The Clairefontaine Back To Basics Le Carnet 1951 notebooks are cardstock-covered and a cahier style. The covers are flexible cardstock, perfect for folding open or back as needed. This book is 5.8″ x 8.3″ and contains 48-pages. It’s staple-bound in two places and is filled with 90 gsm paper.
They remind me of composition notebooks. I love this size for office notes especially with its diminutive page count that is perfect for one project. Sometimes, larger notebooks have too many pages and I have to put multiple projects in the same book. Sometimes I just want the old project GONE. So this notebook is a good option.
The only real rub for me is the wide line spacing and the slightly darker-that-I-prefer lines. One or the other issue wouldn’t be so bad but both wide ruled and dark lines make me sigh — I wanted to LOVE this notebook with abandon but now… I just hope the paper quality makes up for it.
The paper inside is smooth, bright white. There was little to no show through on the reverse side of the paper. The Parker 21 with the Noodlers Violet had a tiny bit of bleed through but everything else had no ill effects on the reverse. I could defintiely use both sides of each sheet without issues.
Once I got ink on the page, the lines didn’t bother me quite as much. I did discover that some inks did not dry fast enough on this paper — at least not fast enough for a messy lefty. I think if I stick to some of the inks that pride themselves on quic-drying, this would not be an issue. Pencil handled beautifully on this smooth stock — a Blackwing on this paper is a fabulous combination!
I did a series of drying time tests just to get a better idea if all, or only some, inks took a long time to dry. None of the inks I tested were specifically formulated to be “quick-drying” so I think I shouldn’t have too much trouble once I try a quick-dryer. At this point, the Lamy Blue Black performed best so as long as I’m not too impatient, I should be okay with this notebook.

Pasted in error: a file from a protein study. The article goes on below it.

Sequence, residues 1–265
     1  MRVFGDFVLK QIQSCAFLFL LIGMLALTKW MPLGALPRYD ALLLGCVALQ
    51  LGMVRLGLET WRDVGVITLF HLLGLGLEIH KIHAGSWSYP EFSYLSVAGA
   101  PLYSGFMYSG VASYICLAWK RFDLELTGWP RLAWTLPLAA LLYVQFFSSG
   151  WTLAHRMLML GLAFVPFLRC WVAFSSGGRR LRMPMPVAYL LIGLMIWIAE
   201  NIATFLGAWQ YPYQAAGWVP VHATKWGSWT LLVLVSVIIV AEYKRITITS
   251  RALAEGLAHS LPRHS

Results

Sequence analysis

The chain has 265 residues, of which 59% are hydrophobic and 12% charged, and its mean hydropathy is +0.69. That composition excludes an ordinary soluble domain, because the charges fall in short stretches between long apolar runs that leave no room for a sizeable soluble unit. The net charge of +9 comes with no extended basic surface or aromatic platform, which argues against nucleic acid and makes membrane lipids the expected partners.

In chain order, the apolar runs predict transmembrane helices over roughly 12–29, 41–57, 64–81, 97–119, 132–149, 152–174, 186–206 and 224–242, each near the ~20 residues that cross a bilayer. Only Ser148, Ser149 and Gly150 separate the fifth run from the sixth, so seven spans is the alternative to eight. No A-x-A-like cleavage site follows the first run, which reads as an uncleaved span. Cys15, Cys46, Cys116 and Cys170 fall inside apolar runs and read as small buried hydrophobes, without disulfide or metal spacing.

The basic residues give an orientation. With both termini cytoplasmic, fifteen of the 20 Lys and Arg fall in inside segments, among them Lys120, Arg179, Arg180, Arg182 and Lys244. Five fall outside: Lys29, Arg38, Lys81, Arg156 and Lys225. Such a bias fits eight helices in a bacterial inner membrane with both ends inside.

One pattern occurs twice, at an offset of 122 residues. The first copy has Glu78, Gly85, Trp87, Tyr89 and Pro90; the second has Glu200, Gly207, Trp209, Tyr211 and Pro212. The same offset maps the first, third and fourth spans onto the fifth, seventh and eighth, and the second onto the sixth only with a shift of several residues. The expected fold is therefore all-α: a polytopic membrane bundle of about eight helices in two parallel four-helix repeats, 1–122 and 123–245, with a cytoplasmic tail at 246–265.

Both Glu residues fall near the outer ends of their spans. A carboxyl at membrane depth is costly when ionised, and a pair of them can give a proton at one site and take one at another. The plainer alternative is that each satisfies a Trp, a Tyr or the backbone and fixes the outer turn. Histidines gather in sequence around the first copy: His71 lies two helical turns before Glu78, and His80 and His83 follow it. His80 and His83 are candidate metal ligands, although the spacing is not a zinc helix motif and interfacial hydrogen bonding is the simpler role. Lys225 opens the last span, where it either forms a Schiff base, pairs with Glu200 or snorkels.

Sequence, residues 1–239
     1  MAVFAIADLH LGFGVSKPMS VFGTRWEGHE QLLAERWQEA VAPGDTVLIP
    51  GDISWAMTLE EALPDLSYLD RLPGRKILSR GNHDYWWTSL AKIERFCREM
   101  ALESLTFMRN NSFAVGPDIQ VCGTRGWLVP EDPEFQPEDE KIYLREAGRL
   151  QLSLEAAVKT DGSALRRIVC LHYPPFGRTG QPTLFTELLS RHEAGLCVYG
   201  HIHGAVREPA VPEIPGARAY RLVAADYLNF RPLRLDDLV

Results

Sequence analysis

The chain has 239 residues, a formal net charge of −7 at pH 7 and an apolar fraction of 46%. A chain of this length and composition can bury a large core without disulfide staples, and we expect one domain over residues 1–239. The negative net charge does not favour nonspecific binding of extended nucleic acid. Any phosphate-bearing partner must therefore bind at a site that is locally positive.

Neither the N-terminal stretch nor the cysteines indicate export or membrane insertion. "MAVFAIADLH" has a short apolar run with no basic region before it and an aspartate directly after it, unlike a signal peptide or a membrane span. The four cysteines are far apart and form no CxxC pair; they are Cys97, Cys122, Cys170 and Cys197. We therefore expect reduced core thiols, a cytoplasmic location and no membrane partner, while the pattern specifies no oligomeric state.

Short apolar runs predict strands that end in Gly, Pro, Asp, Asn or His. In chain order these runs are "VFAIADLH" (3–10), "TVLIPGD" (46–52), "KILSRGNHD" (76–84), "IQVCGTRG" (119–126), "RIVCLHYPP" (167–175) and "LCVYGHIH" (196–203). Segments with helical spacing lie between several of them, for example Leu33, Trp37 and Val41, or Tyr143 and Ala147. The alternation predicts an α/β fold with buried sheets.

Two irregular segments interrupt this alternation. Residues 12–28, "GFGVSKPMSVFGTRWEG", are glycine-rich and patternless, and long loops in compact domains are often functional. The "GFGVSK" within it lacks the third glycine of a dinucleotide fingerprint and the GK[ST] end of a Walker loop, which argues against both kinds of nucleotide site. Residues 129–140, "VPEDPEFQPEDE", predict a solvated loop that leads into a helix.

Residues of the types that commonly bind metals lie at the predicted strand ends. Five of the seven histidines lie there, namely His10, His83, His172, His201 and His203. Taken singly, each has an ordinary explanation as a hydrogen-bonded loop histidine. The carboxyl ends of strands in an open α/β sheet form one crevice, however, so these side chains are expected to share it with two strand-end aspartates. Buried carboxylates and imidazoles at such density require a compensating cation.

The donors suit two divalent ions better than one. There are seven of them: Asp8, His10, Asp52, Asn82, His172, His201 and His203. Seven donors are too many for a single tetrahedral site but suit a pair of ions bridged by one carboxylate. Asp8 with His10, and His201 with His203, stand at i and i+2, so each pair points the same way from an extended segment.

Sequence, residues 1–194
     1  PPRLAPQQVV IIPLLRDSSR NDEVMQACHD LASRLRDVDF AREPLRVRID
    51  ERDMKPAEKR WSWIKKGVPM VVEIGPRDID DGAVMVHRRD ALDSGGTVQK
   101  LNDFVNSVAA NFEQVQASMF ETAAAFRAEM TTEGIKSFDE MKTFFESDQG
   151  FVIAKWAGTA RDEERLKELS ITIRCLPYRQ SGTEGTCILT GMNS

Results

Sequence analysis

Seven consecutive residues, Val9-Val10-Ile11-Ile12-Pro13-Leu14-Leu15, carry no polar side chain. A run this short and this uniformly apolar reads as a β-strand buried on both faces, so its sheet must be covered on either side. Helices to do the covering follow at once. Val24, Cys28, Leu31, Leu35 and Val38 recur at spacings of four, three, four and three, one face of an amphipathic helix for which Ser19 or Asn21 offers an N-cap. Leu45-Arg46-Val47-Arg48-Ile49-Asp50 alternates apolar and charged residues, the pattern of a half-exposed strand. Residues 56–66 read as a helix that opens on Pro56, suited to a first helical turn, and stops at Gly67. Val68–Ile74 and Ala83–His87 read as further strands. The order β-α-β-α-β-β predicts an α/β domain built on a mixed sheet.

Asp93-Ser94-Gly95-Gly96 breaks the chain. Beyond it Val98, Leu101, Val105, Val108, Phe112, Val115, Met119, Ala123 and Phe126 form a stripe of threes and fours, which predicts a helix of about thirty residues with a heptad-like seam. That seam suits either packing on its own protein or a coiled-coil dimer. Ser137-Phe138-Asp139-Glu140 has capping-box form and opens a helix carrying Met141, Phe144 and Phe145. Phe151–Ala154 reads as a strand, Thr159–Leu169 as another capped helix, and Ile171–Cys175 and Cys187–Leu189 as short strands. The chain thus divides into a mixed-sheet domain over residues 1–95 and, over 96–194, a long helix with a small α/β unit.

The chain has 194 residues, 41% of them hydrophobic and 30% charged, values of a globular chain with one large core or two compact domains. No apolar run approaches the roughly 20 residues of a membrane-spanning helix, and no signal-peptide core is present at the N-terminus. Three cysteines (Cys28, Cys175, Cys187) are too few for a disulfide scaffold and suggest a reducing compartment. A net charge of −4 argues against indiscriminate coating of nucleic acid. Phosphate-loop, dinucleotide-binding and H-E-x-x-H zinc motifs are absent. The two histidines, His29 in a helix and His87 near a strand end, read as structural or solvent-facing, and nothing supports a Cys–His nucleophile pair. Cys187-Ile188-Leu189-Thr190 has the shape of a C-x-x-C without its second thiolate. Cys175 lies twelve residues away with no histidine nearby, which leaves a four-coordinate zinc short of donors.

As I’ve said before, being a lefty can be a pain. Sometimes, I have to decide between really good paper that might not allow for quick ink drying and cheaper, more absorbet paper that might bleed through or spline. This book, since the price point is so reasonable, is a good chance for me to have good paper, even if it might not become my everyday notebook. Is it everyone’s dream to have the perfect all-tool notebook?
A set of two Clairefontaine 1951 notebooks are a mere $8 a set so its totally worth it to try them out.
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About the lines… I have a Clairefountaine notebook with French lines and I like it. The lines are a light blue, too. I don’t suppose the 1951 notebook comes with that choice?
I only saw the option for the darker blue, wide ruled for the 1951 notebooks. I’ll check about other line options for the 1951.
I think I do have a french ruled notebook somewhere I might try soon.
I’ve been using both these 1951 notebooks in 96 and 192 page forms, but find the thicker ones have a spine that restricts opening too much. But they’re stitched so are more securely-unlikely to shed pages than stapled types.
The paper used is reputedly among the best stock for fountainpennery, and I think it’s about perfect for my needs. My inks are nearly all by Diamine and those behave perfectly to my eyes on this paper.
The A5 size suits my scribbling needs perfectly. I can’t get on with smaller or bigger ones. These just – fit.
There’s another that I’ve used moreso, which are the A5 Black’n Red book bound 192 page notebooks, with Optik 90g ruled paper. I like the hard covers and the stitched binding, which unlike the 1951 192 page examples mentioned above easily open to the binding core.
This Optik paper seems to me to be the equal of the Clairefontaine stock, so overall I find the BnR notebooks suit me better overall, although I do like the “cahier” style of the 1951 series too. “takes me back” you might say.
Both of these notebook types are excellent in overall quality. The BnR ones are sometimes available by the 5 or 10 bundle at a reduced price via Amazon. Worthwhile keeping an eye on those. The 1951s occasionally reduced too, currently less than £2 each for the thinner easier to use version, must be a real bargain!